On pavements where electric scooters can ride, the Prague City Council intends to limit the speed of bicycles and electric scooters to less than the present limit of 20 km per hour. This will necessitate a change in the Road Traffic Act.
Prague’s city councilors agreed that the amendment would be prepared and submitted to the House of Commons today. Prague city officials have long chastised electric scooters for endangering pedestrians. They also dislike the fact that they are placed in inconvenient places.
Opposition councilor Tomáš Portlík (ODS) and deputy mayor for transportation Adam Scheinherr (Praha Sobě) put forward the plan. The deputies indicated that in the case of pedestrian zones and pavements, the 20 km/h restriction may be too high and that the city will present the idea of lowering it via traffic signs. Bicycles, scooters, and other similar modes of transportation are prohibited by default on sidewalks, with just a few exceptions. The same can be said for pedestrian zones.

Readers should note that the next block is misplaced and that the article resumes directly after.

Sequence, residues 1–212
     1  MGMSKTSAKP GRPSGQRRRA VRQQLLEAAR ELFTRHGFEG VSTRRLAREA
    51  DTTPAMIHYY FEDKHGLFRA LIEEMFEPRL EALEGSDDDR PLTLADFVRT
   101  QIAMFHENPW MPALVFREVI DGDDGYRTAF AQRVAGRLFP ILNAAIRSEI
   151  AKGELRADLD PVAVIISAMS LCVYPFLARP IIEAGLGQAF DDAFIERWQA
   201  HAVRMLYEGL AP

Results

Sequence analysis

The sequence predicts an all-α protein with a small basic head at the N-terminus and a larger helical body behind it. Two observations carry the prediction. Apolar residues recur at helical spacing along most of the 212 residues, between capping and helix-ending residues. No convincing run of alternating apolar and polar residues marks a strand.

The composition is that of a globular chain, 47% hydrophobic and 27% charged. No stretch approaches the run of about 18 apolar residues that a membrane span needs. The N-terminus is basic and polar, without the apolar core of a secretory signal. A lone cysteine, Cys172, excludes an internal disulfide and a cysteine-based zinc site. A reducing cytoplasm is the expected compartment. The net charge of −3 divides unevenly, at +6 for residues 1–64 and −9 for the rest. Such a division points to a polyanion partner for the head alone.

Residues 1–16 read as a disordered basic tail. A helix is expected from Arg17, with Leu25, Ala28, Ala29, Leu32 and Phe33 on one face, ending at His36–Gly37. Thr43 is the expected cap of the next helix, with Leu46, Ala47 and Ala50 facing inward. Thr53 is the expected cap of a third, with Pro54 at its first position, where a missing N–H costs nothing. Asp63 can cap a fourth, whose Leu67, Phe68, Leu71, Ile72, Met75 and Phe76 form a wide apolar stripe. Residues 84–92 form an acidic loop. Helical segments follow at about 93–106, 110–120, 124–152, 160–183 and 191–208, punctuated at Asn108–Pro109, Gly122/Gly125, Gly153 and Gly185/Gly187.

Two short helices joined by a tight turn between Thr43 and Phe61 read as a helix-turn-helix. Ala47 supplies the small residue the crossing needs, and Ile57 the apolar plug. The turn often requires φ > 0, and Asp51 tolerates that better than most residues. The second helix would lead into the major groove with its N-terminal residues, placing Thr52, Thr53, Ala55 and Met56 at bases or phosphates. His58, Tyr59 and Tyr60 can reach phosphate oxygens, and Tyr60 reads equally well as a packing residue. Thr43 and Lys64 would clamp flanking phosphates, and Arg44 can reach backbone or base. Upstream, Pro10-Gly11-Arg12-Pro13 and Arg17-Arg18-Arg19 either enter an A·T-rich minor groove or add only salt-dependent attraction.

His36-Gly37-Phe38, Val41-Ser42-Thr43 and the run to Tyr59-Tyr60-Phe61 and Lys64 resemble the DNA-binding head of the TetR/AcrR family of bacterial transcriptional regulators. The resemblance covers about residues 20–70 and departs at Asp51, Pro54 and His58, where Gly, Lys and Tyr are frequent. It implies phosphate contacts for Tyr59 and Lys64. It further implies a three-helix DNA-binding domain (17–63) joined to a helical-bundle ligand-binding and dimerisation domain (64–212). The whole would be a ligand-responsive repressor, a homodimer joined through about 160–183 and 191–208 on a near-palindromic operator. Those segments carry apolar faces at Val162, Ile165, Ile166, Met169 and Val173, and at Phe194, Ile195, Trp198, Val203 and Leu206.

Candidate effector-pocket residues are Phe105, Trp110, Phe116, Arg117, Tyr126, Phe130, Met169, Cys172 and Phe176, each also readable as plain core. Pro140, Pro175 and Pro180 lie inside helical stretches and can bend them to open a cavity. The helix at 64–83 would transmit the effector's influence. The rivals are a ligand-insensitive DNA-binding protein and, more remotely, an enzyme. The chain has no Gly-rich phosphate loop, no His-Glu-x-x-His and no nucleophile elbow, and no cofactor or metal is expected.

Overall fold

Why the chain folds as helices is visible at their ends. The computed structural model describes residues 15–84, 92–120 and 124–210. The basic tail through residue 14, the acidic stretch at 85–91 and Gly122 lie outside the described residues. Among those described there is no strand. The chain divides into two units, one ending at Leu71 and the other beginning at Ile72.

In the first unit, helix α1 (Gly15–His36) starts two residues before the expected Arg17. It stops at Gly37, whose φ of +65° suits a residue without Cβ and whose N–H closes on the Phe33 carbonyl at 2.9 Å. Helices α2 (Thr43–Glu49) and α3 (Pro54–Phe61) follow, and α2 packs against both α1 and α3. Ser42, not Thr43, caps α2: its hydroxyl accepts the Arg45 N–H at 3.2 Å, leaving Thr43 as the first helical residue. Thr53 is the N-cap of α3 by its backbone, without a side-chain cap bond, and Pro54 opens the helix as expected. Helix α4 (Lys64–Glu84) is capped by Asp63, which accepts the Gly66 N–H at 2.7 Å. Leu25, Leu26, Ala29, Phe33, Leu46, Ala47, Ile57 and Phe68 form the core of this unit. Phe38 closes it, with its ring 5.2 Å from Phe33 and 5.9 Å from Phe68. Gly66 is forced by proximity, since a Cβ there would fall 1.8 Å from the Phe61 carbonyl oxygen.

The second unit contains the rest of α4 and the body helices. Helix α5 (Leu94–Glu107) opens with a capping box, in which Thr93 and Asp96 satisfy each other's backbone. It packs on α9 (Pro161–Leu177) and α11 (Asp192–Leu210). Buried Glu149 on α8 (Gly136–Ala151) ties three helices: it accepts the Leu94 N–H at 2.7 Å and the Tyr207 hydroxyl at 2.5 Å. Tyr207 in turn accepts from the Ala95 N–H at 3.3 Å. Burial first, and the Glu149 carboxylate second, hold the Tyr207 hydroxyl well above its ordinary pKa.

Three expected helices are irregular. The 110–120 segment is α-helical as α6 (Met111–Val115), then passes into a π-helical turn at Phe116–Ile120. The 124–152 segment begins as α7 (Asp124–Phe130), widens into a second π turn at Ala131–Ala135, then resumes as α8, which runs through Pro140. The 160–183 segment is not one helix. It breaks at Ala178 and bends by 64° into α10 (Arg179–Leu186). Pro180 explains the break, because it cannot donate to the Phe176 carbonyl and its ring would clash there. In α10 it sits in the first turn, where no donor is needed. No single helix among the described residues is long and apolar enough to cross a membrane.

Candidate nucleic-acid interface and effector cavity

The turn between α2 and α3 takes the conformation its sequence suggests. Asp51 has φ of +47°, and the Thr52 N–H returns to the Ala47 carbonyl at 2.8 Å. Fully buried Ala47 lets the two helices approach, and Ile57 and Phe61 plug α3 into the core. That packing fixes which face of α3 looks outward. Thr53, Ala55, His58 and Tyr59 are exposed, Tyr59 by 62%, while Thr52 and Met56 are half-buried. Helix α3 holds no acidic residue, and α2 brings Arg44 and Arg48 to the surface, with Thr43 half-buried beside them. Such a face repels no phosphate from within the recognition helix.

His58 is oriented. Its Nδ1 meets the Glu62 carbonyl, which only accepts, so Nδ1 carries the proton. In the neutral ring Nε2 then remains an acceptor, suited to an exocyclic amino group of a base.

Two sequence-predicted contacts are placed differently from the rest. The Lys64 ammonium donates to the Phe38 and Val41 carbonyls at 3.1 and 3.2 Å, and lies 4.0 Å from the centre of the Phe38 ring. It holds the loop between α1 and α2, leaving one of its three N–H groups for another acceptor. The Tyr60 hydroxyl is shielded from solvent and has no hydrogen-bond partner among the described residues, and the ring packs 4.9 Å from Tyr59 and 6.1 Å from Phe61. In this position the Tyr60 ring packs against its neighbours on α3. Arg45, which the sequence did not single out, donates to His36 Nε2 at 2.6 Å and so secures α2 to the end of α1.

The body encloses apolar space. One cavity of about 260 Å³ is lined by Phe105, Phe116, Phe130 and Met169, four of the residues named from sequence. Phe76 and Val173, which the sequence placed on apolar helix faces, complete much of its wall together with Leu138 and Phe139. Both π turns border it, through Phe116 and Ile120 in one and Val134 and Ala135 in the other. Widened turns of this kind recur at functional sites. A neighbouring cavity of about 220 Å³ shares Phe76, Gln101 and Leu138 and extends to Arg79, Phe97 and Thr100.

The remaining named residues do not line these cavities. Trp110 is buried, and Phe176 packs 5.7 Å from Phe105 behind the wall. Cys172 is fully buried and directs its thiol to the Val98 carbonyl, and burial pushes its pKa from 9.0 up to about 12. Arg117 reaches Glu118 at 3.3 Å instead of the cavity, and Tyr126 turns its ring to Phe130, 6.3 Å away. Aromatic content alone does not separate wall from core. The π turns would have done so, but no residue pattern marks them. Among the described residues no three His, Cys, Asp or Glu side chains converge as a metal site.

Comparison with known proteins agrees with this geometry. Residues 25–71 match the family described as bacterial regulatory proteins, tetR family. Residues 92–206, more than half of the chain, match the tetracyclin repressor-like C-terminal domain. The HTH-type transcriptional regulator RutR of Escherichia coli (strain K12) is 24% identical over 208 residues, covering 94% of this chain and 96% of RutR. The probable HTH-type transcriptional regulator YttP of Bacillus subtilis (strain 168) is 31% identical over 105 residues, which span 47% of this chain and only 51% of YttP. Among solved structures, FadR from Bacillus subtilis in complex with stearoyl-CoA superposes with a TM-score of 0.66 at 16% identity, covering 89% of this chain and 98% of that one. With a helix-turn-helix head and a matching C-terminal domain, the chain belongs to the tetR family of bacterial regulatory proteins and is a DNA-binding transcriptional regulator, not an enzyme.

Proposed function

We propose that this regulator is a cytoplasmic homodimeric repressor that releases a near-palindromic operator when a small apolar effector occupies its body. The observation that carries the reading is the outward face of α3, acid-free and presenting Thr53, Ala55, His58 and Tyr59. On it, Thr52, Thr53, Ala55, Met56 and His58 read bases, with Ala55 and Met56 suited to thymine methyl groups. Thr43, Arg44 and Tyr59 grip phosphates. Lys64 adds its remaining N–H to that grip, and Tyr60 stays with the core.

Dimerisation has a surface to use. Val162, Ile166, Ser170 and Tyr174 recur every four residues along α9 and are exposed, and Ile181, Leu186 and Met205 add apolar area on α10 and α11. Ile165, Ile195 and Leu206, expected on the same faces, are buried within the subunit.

The council also noted a draft memorandum on shared electric scooters and bicycle operators, which the city intends to discuss with the districts. The council was also given the mission of ensuring that city authorities do a better job of monitoring and enforcing existing restrictions.
Local governments and locals have already criticized shared electric scooters, notably in the historic center. Lime was the first company to introduce them to the capital, touting them as a green method of transportation.
On the other hand, local authorities point out that they are primarily utilized by visitors, who frequently ride or park inconsiderately. Segways, for example, have received similar criticism in the past, and the town was able to ban them thanks to a legal amendment.